Theatre 503, London – until 14 March 2020
Two mouldering animal carcasses dangle from butchers hooks at the back of the stage. Glistening fat and muscle clinging to white bone waits to be turned into an expensive meal, then served at the high-concept restaurant’s table for two in the foreground. But fuzzy, green patches around the edge of the larger, more exposed dead body exude an unsettling energy – this meat is old, with the mould indicating a deeper, more insidious rot that’s not so easy to cut out.
It’s a fitting metaphor for Max and Ronan (and a canny design choice by Rachel Stone). Having dated when they were teenagers, they’re now both successful adults. Ronan is a chef and restaurateur who wants to show off for his ex. However, Max is a writer and needs to speak to him about her memoir that is soon being published. Though they were young their relationship is inseparable from her story, and there is one night in particular that she informs him is being included in the book.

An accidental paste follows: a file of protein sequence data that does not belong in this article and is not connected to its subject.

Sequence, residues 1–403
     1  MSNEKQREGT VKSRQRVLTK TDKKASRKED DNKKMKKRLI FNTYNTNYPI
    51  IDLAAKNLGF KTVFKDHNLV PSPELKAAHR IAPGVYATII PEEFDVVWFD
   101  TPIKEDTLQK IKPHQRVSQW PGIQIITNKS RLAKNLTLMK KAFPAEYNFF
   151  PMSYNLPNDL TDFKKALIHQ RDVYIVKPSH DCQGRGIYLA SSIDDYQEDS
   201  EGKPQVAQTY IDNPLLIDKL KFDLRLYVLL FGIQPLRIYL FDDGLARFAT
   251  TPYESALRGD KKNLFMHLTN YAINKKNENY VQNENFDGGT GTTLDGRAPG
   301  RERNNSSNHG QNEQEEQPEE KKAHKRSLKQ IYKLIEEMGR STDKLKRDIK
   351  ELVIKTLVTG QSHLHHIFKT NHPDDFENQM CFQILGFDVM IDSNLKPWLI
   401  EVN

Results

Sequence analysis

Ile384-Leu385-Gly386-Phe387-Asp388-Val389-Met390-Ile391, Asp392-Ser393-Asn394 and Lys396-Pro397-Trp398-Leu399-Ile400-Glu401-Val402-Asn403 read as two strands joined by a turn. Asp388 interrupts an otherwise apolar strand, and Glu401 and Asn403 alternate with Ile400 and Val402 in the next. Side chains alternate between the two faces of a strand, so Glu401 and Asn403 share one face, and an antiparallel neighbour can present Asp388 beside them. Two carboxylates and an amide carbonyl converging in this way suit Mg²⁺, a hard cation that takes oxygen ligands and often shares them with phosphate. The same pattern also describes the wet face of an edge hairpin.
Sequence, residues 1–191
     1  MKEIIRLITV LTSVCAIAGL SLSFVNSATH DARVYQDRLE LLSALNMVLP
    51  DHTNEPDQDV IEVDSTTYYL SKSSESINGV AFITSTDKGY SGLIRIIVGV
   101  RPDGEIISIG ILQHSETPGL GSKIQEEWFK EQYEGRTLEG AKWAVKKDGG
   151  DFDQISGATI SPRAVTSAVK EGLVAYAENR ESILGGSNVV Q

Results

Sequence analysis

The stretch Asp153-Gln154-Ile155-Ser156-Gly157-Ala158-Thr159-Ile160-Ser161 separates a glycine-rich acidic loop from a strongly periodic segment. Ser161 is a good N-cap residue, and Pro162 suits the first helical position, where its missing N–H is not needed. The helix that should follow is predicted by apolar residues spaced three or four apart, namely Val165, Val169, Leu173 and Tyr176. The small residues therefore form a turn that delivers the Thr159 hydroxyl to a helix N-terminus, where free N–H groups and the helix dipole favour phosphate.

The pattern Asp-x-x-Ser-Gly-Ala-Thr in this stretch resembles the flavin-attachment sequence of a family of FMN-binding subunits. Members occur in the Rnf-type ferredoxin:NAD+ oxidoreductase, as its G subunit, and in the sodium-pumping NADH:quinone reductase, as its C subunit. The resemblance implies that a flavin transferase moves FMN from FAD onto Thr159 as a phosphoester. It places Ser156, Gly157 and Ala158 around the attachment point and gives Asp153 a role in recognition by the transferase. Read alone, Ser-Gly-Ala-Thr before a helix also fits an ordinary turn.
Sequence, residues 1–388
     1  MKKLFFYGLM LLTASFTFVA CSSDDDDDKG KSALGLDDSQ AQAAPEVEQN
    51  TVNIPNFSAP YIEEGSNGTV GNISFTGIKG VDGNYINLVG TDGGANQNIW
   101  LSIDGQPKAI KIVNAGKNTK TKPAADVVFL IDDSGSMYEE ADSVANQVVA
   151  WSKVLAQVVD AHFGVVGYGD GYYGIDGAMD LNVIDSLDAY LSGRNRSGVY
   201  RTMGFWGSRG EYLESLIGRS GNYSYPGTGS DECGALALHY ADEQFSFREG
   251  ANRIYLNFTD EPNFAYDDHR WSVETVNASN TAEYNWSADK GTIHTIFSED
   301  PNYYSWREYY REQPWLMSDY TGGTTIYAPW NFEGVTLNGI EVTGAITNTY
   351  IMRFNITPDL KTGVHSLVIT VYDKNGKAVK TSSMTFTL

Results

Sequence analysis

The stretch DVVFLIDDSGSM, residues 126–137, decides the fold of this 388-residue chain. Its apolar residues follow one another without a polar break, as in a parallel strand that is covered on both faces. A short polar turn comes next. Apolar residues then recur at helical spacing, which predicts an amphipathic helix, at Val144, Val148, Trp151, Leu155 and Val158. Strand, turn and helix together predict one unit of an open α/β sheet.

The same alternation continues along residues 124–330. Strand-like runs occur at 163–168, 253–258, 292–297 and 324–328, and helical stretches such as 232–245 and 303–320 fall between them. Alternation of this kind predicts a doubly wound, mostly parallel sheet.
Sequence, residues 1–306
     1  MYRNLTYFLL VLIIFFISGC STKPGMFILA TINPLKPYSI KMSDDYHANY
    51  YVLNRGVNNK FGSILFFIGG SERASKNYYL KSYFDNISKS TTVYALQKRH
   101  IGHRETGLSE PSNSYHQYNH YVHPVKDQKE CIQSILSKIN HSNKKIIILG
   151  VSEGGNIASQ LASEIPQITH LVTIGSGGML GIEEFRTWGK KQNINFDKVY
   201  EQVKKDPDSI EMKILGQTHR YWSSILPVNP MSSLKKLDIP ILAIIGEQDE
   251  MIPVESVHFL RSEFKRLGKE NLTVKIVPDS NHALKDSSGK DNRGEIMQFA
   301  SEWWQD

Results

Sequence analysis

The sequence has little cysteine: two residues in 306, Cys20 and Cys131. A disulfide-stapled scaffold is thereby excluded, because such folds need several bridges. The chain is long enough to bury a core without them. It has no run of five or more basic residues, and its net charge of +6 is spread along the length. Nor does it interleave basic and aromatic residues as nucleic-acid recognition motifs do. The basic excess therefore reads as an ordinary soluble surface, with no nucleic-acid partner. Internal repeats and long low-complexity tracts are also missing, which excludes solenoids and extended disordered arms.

Yet, Ronan has no memory of that particular evening, and doesn’t understand some of the words Max is using. What exactly has she ‘survived’? He’s a good guy! And his colleague, the ferocious general manager Jo who ensures their dinner meeting at Ronan’s new restaurant goes smoothly, has worked with way worse men! As the former couple battle their way through numerous bottles of white wine and try not to make a scene, knotty memories and emotions are slowly unpicked and exposed, like skin being peeled back from a joint. Ronan’s perceptions of consent clash with Max’s experience, and their contrasting upbringings are also dredged up, along with privilege, memory and social class.
Writer Gillian Greer confidently addresses nuances and problems around sex and consent, and director Lucy Jane Atkinson ensures tensions consistently run high. India Mullen, Sean Fox and Elinor Lawless as Max, Ronan and Jo form a wary and combative triangle of shifting allegiances. Explosions are genuinely startling, with deliberately messy, stylised transitions providing a helpful reset button. The ending is hugely satisfying, but also asks questions about what we need in order to recover from trauma.
Though the relationships on show are spiky on the surface, there’s a stickiness to the issues that underpin the story. Whilst it’s easy to condemn individual men for behaving terribly, time and the patriarchy are more insidious, and Greer captures the complexity of these issues in a sparky and compelling story.